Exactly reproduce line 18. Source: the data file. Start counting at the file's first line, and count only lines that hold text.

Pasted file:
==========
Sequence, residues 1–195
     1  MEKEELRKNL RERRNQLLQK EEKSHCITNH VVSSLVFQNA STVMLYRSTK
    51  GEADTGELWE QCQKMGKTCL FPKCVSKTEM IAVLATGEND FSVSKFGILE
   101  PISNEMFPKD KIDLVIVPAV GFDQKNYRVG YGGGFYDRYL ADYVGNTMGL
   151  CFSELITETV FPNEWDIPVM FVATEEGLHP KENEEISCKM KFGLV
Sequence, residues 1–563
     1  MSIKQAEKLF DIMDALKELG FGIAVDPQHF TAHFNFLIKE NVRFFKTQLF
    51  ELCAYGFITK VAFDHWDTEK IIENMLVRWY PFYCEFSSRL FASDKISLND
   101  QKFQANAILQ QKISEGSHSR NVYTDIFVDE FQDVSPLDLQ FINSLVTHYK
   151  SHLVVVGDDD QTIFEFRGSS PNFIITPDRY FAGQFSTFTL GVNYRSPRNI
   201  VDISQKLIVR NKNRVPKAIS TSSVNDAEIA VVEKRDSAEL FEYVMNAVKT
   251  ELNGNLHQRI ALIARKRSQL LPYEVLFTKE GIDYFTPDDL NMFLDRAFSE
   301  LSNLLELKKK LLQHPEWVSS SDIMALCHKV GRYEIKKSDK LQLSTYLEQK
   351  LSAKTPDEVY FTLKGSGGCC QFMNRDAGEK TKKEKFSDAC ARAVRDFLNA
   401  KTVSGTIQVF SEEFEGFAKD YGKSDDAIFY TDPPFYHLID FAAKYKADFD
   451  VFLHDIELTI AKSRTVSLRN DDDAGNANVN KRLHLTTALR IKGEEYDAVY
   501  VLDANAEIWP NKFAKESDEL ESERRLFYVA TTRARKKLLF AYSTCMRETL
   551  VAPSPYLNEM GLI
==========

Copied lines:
   551  VAPSPYLNEM GLI